Homeowners in London are being encouraged to leave less garbage at the curb starting next week.
Monday marks the beginning of a three month grace period before lower garbage container limits come into effect in 2017.
The three container limit adjustment period came into effect on October 1, 2016 but the first garbage collection day won’t be until Zone E on Monday.
Between October 1, 2016 and January 16, 2017, Londoners will be encouraged to leave three containers of garbage at the curb. If a fourth container is left at the curb during that time period it will still be collected but residents will be reminded of the new container limit and given options on how to manage their garbage.
London City Council voted back in June to reduce the garbage container limit in London from four to three after a report showed 90 per cent of Londoners are already putting out less than the current maximum.
It was the first time London had changed the container limit in 10 years. The four container limit had been in place since January 2006 when city council decreased the limit from 16 containers down to four.
Jay Stanford, Director of Environmental, Fleet and Waste Services told AM980 Londoners should remember the limit applies to containers, not garbage bags.
“If you have your garbage can whether it’s plastic or metal, people can put a number of bags inside that and put that at the curb and that will be considered one container. Think of it as a lift of garbage, you’re allowed three lifts of garbage.”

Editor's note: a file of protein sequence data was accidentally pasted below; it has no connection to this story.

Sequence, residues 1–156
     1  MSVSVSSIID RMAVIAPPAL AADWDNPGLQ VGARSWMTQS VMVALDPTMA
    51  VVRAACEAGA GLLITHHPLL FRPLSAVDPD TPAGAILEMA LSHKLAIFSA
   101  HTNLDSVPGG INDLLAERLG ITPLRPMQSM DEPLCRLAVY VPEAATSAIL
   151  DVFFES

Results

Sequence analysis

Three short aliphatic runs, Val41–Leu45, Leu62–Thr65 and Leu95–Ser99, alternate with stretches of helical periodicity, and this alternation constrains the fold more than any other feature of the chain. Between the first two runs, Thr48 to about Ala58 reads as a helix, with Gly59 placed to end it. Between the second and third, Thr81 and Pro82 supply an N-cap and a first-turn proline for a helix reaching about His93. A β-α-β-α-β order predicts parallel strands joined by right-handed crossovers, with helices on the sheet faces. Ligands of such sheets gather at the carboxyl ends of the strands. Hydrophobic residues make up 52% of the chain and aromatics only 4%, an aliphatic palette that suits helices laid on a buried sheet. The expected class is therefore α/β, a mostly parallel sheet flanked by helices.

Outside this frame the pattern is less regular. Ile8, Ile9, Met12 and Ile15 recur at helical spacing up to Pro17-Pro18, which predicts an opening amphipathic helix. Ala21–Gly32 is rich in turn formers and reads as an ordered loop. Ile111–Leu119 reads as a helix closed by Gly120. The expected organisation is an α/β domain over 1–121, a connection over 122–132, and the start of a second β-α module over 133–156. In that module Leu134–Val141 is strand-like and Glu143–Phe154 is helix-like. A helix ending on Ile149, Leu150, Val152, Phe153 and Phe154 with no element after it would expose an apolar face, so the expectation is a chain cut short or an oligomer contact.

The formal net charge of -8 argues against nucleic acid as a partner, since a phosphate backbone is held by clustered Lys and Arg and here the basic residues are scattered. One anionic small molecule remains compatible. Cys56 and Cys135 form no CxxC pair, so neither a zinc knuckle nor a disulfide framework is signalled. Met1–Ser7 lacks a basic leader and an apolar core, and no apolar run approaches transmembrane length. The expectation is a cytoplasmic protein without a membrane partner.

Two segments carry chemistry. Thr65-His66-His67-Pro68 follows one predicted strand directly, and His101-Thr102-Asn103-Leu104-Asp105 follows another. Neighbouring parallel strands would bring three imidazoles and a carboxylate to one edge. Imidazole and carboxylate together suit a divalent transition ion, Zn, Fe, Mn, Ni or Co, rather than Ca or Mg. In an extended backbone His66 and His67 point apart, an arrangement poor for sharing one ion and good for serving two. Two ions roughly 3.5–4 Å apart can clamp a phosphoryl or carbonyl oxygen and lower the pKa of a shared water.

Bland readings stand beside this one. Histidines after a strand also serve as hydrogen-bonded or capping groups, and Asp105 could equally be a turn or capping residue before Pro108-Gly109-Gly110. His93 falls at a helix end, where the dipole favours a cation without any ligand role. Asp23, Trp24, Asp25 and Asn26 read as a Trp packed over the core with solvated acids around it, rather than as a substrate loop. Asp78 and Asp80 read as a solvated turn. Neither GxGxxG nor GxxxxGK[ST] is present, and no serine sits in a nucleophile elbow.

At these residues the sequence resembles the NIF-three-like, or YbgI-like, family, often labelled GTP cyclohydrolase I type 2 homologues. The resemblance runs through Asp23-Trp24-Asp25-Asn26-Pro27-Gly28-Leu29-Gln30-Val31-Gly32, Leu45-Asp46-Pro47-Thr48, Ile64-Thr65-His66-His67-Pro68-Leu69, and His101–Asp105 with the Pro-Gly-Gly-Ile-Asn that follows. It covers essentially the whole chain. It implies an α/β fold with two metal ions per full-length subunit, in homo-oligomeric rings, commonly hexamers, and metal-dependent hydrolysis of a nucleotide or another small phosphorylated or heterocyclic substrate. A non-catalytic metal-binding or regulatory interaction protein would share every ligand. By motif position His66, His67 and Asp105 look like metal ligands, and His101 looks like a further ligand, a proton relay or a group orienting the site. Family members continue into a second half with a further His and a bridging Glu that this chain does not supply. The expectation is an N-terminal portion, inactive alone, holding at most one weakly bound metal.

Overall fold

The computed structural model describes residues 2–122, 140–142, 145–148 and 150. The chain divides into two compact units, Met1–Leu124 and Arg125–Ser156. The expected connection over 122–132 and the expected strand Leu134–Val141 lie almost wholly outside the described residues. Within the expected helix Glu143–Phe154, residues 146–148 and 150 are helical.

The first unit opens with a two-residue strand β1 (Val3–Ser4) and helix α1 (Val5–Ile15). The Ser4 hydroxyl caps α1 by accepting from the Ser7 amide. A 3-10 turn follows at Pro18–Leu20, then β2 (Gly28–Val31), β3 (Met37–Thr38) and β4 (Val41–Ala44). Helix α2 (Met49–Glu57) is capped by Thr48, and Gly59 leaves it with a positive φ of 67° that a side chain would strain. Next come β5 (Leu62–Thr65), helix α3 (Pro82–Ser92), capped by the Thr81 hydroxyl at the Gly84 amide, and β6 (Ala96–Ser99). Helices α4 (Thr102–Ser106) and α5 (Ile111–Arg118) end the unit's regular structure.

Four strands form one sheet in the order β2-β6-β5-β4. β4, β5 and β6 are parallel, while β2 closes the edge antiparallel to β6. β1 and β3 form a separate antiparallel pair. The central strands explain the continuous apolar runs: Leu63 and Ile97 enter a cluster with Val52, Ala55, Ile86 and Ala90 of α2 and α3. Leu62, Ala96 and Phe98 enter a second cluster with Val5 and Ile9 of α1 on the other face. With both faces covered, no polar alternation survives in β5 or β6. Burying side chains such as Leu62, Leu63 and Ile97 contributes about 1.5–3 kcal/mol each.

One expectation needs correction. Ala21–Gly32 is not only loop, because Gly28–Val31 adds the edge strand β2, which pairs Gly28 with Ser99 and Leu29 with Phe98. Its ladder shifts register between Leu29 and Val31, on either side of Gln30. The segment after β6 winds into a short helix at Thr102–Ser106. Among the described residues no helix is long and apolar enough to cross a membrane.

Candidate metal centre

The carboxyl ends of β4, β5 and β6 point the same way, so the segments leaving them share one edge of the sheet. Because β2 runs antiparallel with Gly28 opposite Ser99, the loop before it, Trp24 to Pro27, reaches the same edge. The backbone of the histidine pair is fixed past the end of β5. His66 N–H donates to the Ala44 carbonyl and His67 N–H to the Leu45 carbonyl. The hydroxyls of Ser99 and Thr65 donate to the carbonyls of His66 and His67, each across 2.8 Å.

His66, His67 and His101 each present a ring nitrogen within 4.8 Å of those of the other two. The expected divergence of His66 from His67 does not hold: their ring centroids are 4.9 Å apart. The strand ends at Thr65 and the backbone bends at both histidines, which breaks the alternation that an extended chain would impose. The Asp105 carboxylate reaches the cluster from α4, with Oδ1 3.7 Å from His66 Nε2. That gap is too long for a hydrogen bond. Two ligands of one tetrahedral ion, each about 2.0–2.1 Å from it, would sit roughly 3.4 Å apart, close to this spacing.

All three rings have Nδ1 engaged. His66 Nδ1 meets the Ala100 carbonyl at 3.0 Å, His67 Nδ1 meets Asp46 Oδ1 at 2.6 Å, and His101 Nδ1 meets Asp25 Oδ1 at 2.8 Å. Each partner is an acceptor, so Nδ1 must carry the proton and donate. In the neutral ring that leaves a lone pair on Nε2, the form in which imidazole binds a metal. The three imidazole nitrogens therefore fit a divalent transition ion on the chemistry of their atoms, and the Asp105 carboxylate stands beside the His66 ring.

The city says the average Londoner puts 16kg of garbage at the curb at collection time, well below the current max of 80kg. Under the new three container limit residents would be limited to 60kg of garbage, so the average Londoner is still using only one third of the max they’re allowed.
According to city hall, 1.9 is the average number of garbage containers placed at the curbside for all collection days, including regular and long collection cycles and 91% of households, on average, are already at 3 containers or less.
While they are using the next three months as a grace period, Stanford said eventually that will end.
“You will have to tag that fourth or fifth container at the curb. That tag will cost you $1.50, they will be at a number of city locations in early January or late December. If a container isn’t tag, and it’s above the three container limit, it will be left behind.”
Residents who have extra garbage also have the option of taking their waste to a depot for a fee.
The reduction down to three containers puts London closer to meeting Waste Diversion Ontario’s best practice of a two container limit.
Under the new rules there will be four collection days per year when the three container limit isn’t enforced; Thanksgiving, Christmas, in the spring in late April/early May and in the fall at the start of September.
Full details on London’s new three container limit can be found here.